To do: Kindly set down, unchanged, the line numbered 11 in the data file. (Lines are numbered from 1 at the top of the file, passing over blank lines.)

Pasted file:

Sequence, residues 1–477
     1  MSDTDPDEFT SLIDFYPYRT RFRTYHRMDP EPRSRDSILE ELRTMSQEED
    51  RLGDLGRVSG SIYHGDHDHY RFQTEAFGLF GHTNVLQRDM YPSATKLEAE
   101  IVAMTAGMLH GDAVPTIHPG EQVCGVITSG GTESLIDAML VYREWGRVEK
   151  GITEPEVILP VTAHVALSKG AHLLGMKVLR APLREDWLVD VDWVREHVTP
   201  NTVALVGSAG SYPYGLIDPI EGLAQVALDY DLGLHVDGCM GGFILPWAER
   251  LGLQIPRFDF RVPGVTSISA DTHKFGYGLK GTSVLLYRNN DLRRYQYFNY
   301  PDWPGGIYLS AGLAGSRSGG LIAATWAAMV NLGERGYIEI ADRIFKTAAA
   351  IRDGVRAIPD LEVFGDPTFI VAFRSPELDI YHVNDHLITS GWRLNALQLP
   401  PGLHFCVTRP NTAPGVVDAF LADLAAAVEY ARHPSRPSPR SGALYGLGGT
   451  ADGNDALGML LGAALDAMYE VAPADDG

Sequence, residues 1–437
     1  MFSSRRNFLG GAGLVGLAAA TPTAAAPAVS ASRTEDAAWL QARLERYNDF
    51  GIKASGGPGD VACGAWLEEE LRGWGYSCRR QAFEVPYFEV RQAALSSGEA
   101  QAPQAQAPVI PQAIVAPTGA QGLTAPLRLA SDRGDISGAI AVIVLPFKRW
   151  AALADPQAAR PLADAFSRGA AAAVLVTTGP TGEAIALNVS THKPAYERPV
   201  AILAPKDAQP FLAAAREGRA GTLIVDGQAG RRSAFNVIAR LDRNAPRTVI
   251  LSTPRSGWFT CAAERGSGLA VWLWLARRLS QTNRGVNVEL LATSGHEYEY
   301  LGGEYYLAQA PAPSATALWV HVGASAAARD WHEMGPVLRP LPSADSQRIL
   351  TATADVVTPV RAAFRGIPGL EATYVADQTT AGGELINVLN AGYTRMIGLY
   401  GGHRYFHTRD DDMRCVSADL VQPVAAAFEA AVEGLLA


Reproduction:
   451  ADGNDALGML LGAALDAMYE VAPADDG